The point of “I don’t care”


Have you ever experienced periods of time when you’re so tired you can’t string together a cohesive thought? When even sleep is elusive?

Have you ever felt so emotionally drained that your goals fade, your efforts feel increasingly irrelevant, and an insidious voice in your head tells you not to care?

I came out to the living room early this morning to find math study sheets spread across the worn cushions of the couch. The now one-and-only “shared” laptop was neatly closed, and a few more textbooks and an HP calculator were piled nearby. All lights in the house were blazing. These were signs of another long night for my teenage son. And I can only imagine, a point of “I don’t care” reached, or possibly exceeded.

Setting attainable goals

There are times in our personal and professional lives when we must push the envelope. We’re chasing dreams, or trying to hang on to them. We’re doing the “work” – of making our living, repairing a relationship, helping our families, or learning under pressure.

As for my son’s academic goals, I believe they are within grasp, but require considerable effort in a competitive program. Our technology dramas of late haven’t helped, but nor can they be used as excuses. Life will throw everything at us; we have to deal. Still, as I sit here knowing he is spending his morning in testing (again), I hope that he didn’t hit his wall of “I don’t care” during the night.

Parents as models of work ethic (for better or worse)

I can’t help but consider the expectations I’ve demanded of myself most of my life, and the kind of role model I must be. I think about the goals that have been attainable albeit ambitious, and those that were beyond reason. Perfectionism played its hand, though the origins of my work ethic are more complex than that. No amount of effort on my part appeared (to me) to be too much; I carried an inordinate, and disproportionate sense of responsibility for the success of anything that involved me.

  • I felt this way about my studies; reasonable, except in group scenarios.
  • I felt this way about my career; reasonable as an individual contributor, and not – as a team member or a resource constrained manager.
  • I certainly felt this way in marriage; unreasonable – as it takes two to do the work.

As for parenting? I’ve poured my heart into it, yet over time I’ve been more relaxed. I expect my sons to follow core values established in this household: honesty, respect, learning, and yes – hard work. Other than that? I’ve insisted there always be “kid time,” and I’ve tried to stand back and let them own themselves.

Emotional subterfuge: “I don’t care”

Years ago, after two pregnancies one right after the other, I was carrying considerable weight that I couldn’t seem to shed.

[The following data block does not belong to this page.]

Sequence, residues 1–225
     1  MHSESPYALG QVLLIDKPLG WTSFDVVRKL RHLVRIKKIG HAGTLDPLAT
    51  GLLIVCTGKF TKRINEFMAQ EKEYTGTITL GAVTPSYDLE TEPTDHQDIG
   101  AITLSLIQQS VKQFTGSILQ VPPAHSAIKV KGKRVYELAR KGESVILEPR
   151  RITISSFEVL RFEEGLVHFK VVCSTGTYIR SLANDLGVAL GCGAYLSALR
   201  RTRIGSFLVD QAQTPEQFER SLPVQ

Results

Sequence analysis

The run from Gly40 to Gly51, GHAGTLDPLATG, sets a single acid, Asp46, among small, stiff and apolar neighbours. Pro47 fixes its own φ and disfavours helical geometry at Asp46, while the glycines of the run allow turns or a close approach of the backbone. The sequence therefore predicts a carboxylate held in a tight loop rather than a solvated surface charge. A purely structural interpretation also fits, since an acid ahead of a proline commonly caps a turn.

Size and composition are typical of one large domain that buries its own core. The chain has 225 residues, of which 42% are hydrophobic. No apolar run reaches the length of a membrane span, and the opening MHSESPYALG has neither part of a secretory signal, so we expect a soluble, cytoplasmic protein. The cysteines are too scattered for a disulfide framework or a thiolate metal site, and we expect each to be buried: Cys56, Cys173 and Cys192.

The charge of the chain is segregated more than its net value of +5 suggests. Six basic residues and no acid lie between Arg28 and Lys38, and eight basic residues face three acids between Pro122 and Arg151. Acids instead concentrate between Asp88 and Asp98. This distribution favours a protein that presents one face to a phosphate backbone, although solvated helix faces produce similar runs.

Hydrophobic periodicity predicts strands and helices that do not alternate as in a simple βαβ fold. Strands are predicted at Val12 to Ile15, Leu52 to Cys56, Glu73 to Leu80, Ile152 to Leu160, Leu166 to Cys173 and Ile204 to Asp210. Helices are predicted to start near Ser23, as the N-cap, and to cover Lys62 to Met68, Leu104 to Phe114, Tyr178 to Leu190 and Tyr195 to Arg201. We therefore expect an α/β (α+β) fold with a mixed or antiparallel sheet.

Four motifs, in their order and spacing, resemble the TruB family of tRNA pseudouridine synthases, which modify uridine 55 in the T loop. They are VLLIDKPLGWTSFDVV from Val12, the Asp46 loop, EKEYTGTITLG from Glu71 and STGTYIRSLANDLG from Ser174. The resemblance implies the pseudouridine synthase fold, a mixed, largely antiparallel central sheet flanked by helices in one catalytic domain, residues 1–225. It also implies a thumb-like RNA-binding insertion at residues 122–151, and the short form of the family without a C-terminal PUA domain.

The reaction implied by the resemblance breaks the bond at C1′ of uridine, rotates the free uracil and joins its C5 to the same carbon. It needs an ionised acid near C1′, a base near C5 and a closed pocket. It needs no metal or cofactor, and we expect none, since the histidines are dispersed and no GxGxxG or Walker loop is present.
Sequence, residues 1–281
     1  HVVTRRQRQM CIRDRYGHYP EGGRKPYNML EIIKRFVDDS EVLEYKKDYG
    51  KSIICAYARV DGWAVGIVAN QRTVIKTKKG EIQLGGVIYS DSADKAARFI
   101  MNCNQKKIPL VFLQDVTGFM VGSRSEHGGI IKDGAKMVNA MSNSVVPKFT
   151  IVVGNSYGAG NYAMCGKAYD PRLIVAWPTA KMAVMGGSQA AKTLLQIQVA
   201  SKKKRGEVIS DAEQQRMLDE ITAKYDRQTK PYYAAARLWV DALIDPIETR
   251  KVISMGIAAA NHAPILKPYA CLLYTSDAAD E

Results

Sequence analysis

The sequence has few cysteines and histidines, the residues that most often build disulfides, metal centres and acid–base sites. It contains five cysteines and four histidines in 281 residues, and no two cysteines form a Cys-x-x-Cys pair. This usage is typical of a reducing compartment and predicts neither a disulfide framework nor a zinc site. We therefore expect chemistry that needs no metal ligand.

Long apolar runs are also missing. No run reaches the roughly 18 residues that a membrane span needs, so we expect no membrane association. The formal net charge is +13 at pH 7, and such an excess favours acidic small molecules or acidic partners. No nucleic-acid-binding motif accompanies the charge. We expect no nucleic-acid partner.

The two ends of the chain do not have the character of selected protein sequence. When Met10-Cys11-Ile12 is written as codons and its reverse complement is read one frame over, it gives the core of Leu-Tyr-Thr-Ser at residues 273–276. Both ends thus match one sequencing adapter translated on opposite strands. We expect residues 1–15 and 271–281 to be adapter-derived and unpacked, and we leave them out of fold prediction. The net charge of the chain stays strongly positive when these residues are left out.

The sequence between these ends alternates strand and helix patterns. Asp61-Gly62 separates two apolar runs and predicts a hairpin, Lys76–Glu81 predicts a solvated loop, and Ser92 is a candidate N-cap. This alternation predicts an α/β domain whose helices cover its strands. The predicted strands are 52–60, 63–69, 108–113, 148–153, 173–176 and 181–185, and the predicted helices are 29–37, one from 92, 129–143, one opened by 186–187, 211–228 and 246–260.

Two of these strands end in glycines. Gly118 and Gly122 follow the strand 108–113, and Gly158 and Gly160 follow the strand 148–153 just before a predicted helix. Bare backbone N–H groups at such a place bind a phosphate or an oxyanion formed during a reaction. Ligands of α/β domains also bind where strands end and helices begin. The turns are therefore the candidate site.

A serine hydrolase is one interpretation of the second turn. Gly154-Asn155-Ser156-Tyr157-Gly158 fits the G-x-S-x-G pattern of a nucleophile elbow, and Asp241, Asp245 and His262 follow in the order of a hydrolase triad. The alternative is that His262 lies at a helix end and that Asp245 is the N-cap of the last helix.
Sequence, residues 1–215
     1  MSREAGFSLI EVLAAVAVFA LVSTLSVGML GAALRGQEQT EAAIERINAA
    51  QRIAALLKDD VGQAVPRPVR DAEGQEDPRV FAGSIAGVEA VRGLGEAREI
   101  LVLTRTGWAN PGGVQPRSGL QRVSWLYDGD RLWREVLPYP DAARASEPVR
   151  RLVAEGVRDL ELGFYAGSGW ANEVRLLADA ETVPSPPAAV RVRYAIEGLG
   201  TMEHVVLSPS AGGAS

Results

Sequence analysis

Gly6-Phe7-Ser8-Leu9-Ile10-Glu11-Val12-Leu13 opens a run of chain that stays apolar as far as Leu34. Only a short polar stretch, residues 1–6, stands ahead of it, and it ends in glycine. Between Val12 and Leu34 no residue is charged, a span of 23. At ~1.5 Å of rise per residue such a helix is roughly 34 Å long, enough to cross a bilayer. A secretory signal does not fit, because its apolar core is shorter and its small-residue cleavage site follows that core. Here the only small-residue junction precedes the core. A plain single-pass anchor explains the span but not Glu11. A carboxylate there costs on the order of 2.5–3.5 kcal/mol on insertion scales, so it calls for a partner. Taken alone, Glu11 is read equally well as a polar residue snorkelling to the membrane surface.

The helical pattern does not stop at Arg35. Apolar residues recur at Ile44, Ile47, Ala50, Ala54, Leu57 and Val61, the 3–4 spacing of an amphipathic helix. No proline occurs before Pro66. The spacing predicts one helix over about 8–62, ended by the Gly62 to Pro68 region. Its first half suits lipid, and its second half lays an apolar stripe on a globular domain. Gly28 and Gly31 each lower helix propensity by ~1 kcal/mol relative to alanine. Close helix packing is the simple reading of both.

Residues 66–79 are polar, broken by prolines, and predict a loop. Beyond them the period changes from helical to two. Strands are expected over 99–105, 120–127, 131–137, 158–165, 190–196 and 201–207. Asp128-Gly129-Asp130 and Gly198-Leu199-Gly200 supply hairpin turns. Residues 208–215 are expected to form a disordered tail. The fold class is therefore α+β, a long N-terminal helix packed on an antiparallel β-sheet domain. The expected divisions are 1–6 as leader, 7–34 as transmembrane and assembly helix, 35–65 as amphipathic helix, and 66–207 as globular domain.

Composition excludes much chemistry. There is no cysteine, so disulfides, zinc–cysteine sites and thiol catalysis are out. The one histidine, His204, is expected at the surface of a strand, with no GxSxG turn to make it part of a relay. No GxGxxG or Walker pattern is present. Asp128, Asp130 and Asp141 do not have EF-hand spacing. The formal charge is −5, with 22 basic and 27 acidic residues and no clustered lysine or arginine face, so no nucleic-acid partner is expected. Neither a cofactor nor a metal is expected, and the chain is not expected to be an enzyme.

I felt sluggish and unattractive, and the more I dieted, the more I was the poster child for the yo-yo effect. Between a hefty professional workload, two young children, and a largely absent husband, there was no “me” time, and I compromised my sleep, my nutrition, and to a lesser extent, daily walking. I existed on auto-pilot, and remained that way for far too long. I was often sick, and ignoring the fact that I was sick.

As for the weight, I reached a point of  “I don’t care” after trying to lose it and failing repeatedly. But my nonchalance was a cover for pain, an attempt to distance myself from my feelings of failure. And eventually, I took to a regimen that was slow and sensible, and I succeeded at losing some forty pounds. Best of all, I no longer had to pretend that I didn’t care, when I did.

Of course, “I don’t care” can signal more significant issues. For children, teenagers, or adults, signs of apathy may be warnings of substance abuse, depression, or being overwhelmed. Saying “I don’t care” masks fatigue or frustration, but also, the pain of loss, fear of failure, and a good deal more.

The cost of working too hard

We live in a culture that seems to worship at the altar of workaholism. I realize now, of course, that it is possible to work too hard, and in a way that is counter to one’s health, well-being, and sense of self – not to mention the very goals we are determined to meet. When we sacrifice sleep, nutrition, and necessary human connection to overwork, we may sabotage relationships, unwittingly. We’re more susceptible to illness. In the long run, we under perform. We hit our walls of “I don’t care,” when in fact, we care very much.

Yesterday’s discussion on whether or not we work too hard was illuminating. Not only do many of us believe we work too hard, but we do so at the wrong things. We pour precious energies into activities that don’t necessarily serve our passions or our goals. I wonder how many of us are working ourselves into a mechanical state of not caring, and need to take a fresh look to regain perspective, and potentially make changes.

  • When do you reach the point of “I don’t care?”
  • Does it happen professionally or personally?
  • Is it a matter of fatigue, frustration, or something else?
  • Do you set challenging but attainable goals?
  • Do you place impossible expectations on yourself?

As for my son, he was quiet in the car this morning. I wished him luck when we arrived at school. I watched him smile and wave at his counselor as he headed inside. Tonight, I’ll cook another hardy meal, turn over the computer to him when he needs it, and let him be. Last night I said: You’ll need some kid time this weekend.

He nodded.
© D A Wolf